Leadership and Main

Bettering Others and the World You Live In

The Land

The Land

The land is where I have learned much about life and leadership.  It has helped shape and mold me into the person that I am today.  It is a special place. 

The Land

In 1996, my grandparents bought nine and a half acres in Canton, Georgia.  The property is divided by a creek that runs through the middle.  From the front of the property to the creek, it is relatively flat.  Past the creek, it gets steep.  Right before you get to the creek there is an open meadow, perfect for gardening.

Paw Paw

I spent much of my teenage years gardening with my Paw Paw there.  As I went to college, built a career, and started a family, I wasn’t able to get up there as much.  Around 2010, he was diagnosed with cancer.  Through that process, it became a priority for me to get back up there and help him with the garden.  I am grateful for all the time I was able to spend with him there, but especially his last summer with us.

A few years ago, we got the garden up and going again.  It has been about ten years since he passed.  We were able to resurrect a space that meant so much to me and my family.  At times, I could feel his presence there. 

What has the land taught me?  Here are four lessons about life and leadership learned from a piece of property.

Have Vision

I described that perfect meadow for gardening earlier.  Well, it wasn’t always that way.  I will never forget Paw Paw taking us to the land shortly after they bought it.  That year, I would have been in the eighth grade. 

After we hiked through the woods, we came to this low-lying area that was significantly overgrown with underbrush.  I couldn’t see it that day, but he could.  He had a vision for what that ugly overgrown area could be…a beautiful garden. 

In leadership, one of our greatest responsibilities that we have is to lead with vision.  Vision is the ability to see further.  To lead people to a place and time they cannot see themselves.  Paw Paw saw further.       

Work Hard

We worked the land hard.  One of the initial challenges was drainage, there was a ditch that needed to be redirected to stop it from flooding so easily.  He paid me to dig a ditch, by hand.  I literally started my working career digging ditches!

In addition to the ditch, my brother and I carried big rocks that he tilled up and logs from trees that had to be removed.  We learned to work hard…really hard.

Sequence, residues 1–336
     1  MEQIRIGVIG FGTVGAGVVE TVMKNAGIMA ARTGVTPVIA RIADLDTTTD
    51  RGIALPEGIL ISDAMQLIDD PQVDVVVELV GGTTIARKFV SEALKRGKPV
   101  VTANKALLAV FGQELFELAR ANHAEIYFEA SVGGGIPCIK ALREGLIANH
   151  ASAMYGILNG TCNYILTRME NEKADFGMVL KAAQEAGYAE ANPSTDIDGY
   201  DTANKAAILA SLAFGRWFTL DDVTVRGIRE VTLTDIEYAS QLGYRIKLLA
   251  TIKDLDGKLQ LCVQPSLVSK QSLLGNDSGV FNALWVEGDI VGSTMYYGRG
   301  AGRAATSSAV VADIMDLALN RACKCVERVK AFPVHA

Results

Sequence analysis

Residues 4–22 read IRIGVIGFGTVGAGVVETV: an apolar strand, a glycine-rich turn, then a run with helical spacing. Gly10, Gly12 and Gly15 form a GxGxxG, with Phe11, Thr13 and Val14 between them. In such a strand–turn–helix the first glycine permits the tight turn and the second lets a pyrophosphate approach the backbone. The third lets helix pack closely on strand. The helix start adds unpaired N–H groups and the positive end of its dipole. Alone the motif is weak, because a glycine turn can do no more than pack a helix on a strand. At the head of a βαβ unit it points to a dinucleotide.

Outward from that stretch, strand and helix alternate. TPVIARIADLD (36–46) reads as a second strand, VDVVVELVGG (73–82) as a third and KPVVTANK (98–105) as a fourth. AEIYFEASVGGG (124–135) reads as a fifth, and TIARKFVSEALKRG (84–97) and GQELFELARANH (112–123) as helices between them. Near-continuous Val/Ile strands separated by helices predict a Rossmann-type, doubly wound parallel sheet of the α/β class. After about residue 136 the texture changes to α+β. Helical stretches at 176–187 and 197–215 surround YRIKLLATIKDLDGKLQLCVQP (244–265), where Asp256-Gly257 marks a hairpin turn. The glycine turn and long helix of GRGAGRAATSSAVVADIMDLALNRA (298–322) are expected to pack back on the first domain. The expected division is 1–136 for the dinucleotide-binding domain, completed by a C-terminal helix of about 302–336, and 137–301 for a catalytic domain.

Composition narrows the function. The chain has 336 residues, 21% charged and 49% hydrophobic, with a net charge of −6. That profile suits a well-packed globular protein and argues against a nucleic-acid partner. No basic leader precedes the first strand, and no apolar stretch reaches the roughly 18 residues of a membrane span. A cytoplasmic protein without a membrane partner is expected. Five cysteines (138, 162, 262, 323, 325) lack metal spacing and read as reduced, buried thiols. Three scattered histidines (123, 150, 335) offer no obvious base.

Vision is only a dream without hard work.  Leaders can dream all we want, but it won’t get us to our vision.  Sometimes it takes some good old-fashioned hard work to get us to our destination.  Without hard work, an overgrown area of our life or leadership, remains just that.      

Learn From Experiences

Paw Paw taught me how to drive his 4×4 1982 Dodge Power Wagon there.  It was a four-speed manual transmission.

After a long day’s work, we were getting ready to leave.  I went to get in the passenger seat.  Before I did, he asked me if I wanted to drive it.  I hesitated at first, it was a long dirt driveway out to the main road and it was muddy that day.  He encouraged me to give it a try.

Towards the end of the driveway, you cross over a ditch.  There is a narrow dirt crossing where the water runs underneath through a pipe.  Well…I managed to drive us off into the ditch!

He never got mad at me.  He told me it was okay, got out of the truck, hooked up the winch, and got us out of there.  I have driven over that section of driveway hundreds of times since and will never forget that experience.  Nor, have I ended up in that ditch again!  I learned from that experience. 

One of the greatest challenges for leaders is to give our people the margin of error for failure.  The pressures of perfection can impair our ability to create those spaces and places for opportunity.  If the people we lead don’t end up in the ditch sometimes, they will never learn how NOT end up there.

Escape the Grind

The land was his escape.  He would drive up after work and spend weekend mornings there.  He enjoyed seeing the fruits of his labor in the garden, it refreshed him.  It gave him a sense of pride and peace.   

I can say the same.  The last few years, I have enjoyed getting up there and escaping the grind.  There are elements of solitude, relaxation, and just pure beauty.  I can escape the fog and see things a little more clearly.  Watching the process of a seed eventually producing fruit was extremely rewarding.  It brought me joy.

Leadership is a grind.  There is always work to be done.  If you are like me, your efforts to “catch up” always tend to fall short.  It is critical in the life of a leader to escape the grind.  Find your Happy Place or space.  If it’s not a place or space, maybe it’s a book, it’s music, it’s serving, or it’s a hobby…just get there.  It is necessary for survival sometimes.         


Here is a bonus lesson, free of charge…Create Memories.

What I haven’t told you yet, is that our family sold the property a week and a half ago.  This post was a necessary reflection that I needed.  Leading up to the sale of the land, I have spent time physically there and away from it in distant reflection of the memories that were created there. 

The gardening, riding four wheelers, driving tractors, digging ditches, driving into ditches, clearing underbrush, splitting firewood, building dams in the creek, shooting guns, carrying rocks, grilling out, relaxing in the hammock, watching the stars on a clear night, and being mesmerized by the glow of a campfire…all memories that I will never forget.  All created with the people that I value most. Experiences that came flooding over me the last time I drove out of the driveway and locked the gate for the final time a few weeks ago.

Have vision, learn from experiences, work hard, escape the grind, and create memories…lessons from the land.      

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